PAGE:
Square Enix and IO Interactive are going all-in with their pricing and release model for the new Hitman. After word emerged about cancelled pre-orders and “structural changes”, many speculated that the game might be getting a more traditional release after all. Instead, the opposite was true. Hitman was no longer a split release (half in March, half later in the year), but would instead issue every individual location as a separate episode.
To quickly summarise the basics of what that means: it’ll still be possible to stick down $60 USD for all of Hitman. You don’t actually get all of it until (probably) around the end of 2016, but that was also going to be the case with the prior model.
An “Intro Pack” featuring a prologue and the Paris location will be released in March for $15 USD. People who buy that one will then either pick-and-choose from the next five locations at $10 apiece (potential total cost $65) or purchase a $50 “yeah I’d just like all the rest” add-on (again, $65 in total).
Post-Paris locations will be released semi-monthly. Italy and Morocco will supposedly be April and May respectively, but Japan, US and Thailand will almost certainly be later than June, July, August because the game isn’t scheduled to wrap up until closer to November.
That rather convoluted set of purchasing options and staggered release dates is how Hitman will now work.
The benefits to the publisher are pretty clear. For every person who goes the $65 route (either out of choice, or because they were so baffled by the different options that it happened by accident), Square Enix gets a bonus $5. The only way they can lose out is if people who would have opted for the $60 full game now go for the $15 “starter” set and ultimately decide to spend less than another $45 on the game. Square are presumably estimating that they’ll get more of the former people than the latter, and that any losses will be covered by ‘extra’ players curious enough about Hitman that the $15 option seems attractive.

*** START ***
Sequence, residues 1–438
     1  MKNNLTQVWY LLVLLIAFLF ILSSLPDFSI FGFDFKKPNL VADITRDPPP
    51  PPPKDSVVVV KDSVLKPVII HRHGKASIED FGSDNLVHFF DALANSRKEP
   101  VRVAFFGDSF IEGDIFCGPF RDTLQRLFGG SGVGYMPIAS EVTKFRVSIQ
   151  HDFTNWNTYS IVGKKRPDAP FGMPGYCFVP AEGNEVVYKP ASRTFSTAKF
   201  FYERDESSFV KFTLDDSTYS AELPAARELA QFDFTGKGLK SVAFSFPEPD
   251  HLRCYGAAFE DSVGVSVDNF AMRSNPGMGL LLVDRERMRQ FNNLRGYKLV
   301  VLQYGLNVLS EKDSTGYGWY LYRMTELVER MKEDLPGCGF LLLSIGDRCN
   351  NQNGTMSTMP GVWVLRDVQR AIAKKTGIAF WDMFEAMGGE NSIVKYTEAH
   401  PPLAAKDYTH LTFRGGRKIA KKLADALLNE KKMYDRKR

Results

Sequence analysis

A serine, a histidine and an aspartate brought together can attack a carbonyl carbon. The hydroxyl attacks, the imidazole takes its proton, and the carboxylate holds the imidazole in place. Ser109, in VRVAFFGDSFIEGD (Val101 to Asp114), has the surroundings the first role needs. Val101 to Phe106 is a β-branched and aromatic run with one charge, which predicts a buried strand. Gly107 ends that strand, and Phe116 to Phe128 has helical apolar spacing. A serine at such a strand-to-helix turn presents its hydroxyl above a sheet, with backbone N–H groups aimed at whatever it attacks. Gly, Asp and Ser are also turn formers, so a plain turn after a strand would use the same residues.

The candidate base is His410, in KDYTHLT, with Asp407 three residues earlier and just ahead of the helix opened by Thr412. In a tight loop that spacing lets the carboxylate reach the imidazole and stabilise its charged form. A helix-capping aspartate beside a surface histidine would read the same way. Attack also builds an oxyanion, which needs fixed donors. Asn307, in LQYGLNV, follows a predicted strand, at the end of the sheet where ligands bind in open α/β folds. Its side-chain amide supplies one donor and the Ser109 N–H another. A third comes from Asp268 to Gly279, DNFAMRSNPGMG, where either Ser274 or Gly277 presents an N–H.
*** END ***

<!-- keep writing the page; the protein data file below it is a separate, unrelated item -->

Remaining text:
It’s a gamble, but one they’ve surely researched. You can almost smell the powerpoint charts and internal spreadsheets.
IO Interactive may also appreciate additional time to work on the game. Hitman has already had a couple of delays, and now the Italy and Morocco locations have, effectively been delayed by a further one and two months respectively. As other episodic games have shown, it’s much easier to switch around release dates of subsequent episodes than it is to keep postponing an all-in-one $60 release.
Both publisher and developer may also profit from staggered media coverage. Getting exposure (be it through the written word, video, streams or whatever) for a title is vital in an industry that now has no shortage of interesting and high quality games to talk, critique, and enthuse about. If your game is released in (effectively) six parts, you can maintain some level of media coverage across an entire year. Some sites might even give each episode location a scored review.
This could obviously turn sour if episodes suffer lengthy delays or most of them turn out to be crap, but the potential for a year-long Hitman media cycle (drip fed with release trailers and teasers for upcoming episodes) is worth the risk to Square Enix.